FARADILLA ATTAMIMI, MARIANNA SIEGMUND-SCHULTZE, ANNE VALLE ZÁRATE
University of Hohenheim, Dept. of Animal Production in the Tropics and Subtropics, Germany
Bali cattle production in smallholder mixed farming systems on Ceram Island, Maluku (Indonesia), was chosen by the government to be the backbone of meat production in the region to satisfy the demand of Maluku, North Maluku and Papua provinces. The increasing demand in recent years created however pressure on the Bali cattle population resulting in decreasing animal numbers. Development programmes meant to increase the population and its production on the island should take into account the performance and objectives of the current cattle production systems. This study assessed the performance of Bali cattle on Ceram according to districts and management systems, assuming that the management is largely influenced by farmers' migratory status, which may represent a proxy for further development planning. A total of 479 cattle from 121 households in three districts on Ceram Island, Maluku, were measured for live weight. Progeny history questionnaires were used to collect data on 121 breeding females and their calves. Structured interviews were conducted to collect data for triangulation. The effects of district and migratory status were tested by two-factorial analysis of variance for reproductive performance parameters, while multivariate analysis of variance was used for live weight analysis. Statistically significant differences among districts appeared in bull age at first mating and adult mortality rates. Live weight also differed significantly between districts and sex. Cattle live weight in transmigrant farms showed a tendency towards higher weights than in indigenous farms although the difference was not significant. No significant differences of the reproductive traits studied were found between the indigenous and transmigrant farms. The existing, but low variation in performance of Bali cattle could still be attributed to more site"=specific differences in management practices, and environmental and economic frame conditions, which were not covered here but may be more decisive than migratory status alone.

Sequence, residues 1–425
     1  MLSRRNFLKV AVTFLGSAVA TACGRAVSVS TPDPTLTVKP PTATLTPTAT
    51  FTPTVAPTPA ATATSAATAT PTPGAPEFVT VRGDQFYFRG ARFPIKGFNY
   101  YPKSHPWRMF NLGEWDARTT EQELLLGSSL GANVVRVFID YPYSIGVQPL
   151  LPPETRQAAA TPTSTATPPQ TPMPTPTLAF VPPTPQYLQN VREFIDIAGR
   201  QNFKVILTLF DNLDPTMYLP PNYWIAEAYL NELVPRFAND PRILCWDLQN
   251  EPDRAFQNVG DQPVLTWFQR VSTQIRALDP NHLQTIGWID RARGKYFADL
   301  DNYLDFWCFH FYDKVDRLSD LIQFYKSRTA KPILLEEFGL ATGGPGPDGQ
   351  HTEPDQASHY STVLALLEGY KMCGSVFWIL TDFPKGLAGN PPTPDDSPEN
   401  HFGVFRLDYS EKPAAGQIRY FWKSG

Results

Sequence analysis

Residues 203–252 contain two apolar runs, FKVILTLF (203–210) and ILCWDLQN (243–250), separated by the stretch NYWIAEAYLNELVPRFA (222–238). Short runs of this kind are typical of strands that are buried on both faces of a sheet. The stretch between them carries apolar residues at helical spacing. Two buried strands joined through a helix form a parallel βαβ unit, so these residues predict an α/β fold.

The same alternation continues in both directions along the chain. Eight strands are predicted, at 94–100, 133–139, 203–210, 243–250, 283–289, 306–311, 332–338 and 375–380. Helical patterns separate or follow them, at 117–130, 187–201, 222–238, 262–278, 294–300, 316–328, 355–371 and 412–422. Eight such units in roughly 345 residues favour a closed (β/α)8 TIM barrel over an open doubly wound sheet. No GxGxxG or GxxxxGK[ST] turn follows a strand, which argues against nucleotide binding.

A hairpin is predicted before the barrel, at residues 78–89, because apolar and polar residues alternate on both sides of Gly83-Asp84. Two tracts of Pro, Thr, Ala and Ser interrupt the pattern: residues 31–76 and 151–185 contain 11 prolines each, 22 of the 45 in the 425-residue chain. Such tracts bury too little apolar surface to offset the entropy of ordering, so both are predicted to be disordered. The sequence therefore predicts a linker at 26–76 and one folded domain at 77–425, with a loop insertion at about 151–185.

Keywords: Bali cattle, Ceram, Indonesia, Performance